• Turn off fingerprint unlock on your phone (see above about risk/benefit of bringing a phone).
  • Some folks bring a pocket constitution. It both annoys fascists and, if you are detained, ups your chances of being treated better because it will make cops wonder if you know more about this than maybe you do.
  • Generally try to look non threatening. Both fascists and cops are less likely to target you if you look non threatening at the protest. Afterwards it may be different (see Going Home).
  • Latex gloves are good to have
  • Bring extra of everything if you can to share with allies.
  • If you live close to a protest and have room, offer places to stay for ppl since they may not be able to get there or home easily.
  • Pepper spray and tear gas treament supplies
    • Chances of tear gas or pepper spray being used against you will vary depending on the action. Realistically assess the risk to see if treatment supplies are necessary.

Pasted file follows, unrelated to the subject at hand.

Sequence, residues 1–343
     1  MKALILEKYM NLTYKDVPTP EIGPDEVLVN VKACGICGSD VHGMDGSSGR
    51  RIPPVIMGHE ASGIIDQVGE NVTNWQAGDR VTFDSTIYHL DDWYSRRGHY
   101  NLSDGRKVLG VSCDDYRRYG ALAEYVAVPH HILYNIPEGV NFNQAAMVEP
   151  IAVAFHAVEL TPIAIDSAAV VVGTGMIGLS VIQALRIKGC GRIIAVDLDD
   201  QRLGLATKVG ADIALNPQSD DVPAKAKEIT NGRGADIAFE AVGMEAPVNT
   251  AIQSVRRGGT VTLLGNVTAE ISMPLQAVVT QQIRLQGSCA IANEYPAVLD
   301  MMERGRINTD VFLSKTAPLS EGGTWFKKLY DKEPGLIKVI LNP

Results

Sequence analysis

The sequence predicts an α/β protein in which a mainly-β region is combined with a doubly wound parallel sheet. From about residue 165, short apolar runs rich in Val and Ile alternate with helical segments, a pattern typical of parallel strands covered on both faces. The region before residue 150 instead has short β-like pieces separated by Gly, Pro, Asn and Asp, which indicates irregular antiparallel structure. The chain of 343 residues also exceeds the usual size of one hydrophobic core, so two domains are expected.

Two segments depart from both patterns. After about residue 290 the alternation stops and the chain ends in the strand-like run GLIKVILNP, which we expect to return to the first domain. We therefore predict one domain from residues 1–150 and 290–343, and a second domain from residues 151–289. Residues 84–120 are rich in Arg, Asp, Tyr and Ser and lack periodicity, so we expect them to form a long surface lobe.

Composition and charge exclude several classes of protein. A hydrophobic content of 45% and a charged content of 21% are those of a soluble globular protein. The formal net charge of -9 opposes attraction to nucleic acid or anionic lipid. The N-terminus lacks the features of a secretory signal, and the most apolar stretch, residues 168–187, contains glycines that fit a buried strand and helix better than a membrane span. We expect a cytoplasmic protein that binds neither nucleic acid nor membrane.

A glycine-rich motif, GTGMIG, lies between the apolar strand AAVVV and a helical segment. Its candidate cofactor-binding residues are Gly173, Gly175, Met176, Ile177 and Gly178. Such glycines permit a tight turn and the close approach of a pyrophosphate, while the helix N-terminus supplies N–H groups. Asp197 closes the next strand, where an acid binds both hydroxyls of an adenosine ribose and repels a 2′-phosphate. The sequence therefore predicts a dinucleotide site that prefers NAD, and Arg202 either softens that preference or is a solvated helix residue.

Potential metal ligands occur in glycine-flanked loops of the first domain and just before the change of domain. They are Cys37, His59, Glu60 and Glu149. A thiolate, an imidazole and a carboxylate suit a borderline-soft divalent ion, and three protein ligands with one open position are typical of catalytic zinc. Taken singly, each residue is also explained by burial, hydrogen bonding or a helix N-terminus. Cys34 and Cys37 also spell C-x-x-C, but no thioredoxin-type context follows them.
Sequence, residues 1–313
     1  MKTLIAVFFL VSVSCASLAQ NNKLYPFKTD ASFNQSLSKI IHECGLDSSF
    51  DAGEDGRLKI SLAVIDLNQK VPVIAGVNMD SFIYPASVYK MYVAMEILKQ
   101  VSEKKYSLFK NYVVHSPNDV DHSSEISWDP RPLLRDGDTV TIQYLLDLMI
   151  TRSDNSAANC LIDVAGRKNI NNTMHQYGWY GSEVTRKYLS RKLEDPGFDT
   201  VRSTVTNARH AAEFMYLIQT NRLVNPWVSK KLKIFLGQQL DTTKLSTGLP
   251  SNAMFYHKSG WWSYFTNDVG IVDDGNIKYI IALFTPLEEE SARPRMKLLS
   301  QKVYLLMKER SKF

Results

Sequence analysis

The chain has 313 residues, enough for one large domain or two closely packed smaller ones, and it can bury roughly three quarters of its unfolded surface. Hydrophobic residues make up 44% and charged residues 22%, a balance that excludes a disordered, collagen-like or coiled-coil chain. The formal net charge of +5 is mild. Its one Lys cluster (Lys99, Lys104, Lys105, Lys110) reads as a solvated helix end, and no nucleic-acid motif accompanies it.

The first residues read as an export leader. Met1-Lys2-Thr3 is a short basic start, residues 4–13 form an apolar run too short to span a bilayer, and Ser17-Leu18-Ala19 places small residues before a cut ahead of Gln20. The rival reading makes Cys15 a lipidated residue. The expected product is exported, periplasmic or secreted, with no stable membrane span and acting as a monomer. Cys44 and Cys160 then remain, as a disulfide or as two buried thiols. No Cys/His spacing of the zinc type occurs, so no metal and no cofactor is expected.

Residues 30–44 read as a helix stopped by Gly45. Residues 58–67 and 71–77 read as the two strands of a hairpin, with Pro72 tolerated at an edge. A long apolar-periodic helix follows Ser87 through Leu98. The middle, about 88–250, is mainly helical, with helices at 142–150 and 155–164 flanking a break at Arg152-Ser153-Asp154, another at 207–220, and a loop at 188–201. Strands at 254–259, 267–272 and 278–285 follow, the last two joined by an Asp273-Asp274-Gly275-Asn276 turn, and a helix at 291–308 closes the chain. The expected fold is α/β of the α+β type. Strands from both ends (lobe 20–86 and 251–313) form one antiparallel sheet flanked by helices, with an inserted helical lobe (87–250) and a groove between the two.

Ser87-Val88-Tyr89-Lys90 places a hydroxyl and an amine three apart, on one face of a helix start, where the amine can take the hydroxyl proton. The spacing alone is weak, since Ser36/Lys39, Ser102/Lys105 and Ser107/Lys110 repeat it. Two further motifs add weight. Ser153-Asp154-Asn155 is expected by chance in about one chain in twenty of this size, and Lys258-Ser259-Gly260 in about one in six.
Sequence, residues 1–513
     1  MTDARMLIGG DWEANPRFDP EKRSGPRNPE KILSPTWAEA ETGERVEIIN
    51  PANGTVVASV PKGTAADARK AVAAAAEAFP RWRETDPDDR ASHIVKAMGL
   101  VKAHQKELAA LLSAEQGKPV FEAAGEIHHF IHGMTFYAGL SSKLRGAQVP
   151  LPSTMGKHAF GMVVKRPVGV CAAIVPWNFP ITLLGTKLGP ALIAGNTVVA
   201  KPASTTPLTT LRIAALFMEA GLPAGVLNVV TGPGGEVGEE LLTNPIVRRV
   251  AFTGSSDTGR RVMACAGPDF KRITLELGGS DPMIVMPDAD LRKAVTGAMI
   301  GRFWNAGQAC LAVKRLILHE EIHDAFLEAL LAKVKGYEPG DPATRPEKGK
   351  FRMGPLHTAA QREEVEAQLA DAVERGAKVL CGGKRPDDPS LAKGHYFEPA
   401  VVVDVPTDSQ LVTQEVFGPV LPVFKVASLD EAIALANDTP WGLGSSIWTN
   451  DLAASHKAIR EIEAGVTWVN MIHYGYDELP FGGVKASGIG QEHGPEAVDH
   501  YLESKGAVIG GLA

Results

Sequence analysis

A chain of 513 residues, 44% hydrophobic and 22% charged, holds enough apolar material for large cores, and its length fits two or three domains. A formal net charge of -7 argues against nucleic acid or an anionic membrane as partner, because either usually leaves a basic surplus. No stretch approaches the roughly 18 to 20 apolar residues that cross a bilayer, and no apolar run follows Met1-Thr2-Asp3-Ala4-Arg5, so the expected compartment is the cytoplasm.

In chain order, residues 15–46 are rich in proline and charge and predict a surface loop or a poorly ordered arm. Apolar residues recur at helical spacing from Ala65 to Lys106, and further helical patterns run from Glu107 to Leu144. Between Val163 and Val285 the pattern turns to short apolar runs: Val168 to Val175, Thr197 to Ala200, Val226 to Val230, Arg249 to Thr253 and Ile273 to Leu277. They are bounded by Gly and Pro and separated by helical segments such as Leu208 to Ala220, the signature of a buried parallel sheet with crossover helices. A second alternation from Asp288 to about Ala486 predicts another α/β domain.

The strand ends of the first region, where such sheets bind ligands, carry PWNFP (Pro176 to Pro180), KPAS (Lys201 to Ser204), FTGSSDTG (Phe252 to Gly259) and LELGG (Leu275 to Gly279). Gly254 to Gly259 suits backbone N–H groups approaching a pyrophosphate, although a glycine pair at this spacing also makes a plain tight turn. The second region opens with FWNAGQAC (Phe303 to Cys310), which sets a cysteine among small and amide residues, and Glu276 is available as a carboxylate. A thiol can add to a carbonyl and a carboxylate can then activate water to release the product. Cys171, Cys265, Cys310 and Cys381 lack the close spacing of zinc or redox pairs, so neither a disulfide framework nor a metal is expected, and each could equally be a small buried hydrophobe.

• A 50/50 antacid and water for pepper spray (LAW–liquid antacid water) is good for pepper spray or tear gas (more on that later)
    • If a protest bans most liquids, you can still sometimes get LAW through if you label it. To increase your chances of bringing it in, bring a sealed bottle of water and a sealed bottle of unflavored Maalox and mix the two if needed.
    • If you bring a face mask for pepper spray/tear gas, make sure it’s n-95 rated. Also note that bringing a face mask may make you look more likeBloc, not block. I would maybe say wearing black puts you in solidarity with black bloc and increases your anonymity, but also can make you a target especially if in a smaller group or on your own. You can ameliorate this by using a face mask in a bright, cheerful color.
    • If you need to use a face mask, soak it in either just water or a mixture of water and lemon/vinegar before using to make it more effective.
    • Unscented gentle soap can be used to wash off pepper spray/tear gas particles that may get on your skin.
    • Tear gas and pepper spray particles can stick to oil based lubricants, moisturizers, sunscreen, and makeup. You can either use powdered versions of these things or powder your skin with cornstarch after applying oil based stuff. Corn starch will absorb the oils. (last is not foolproof)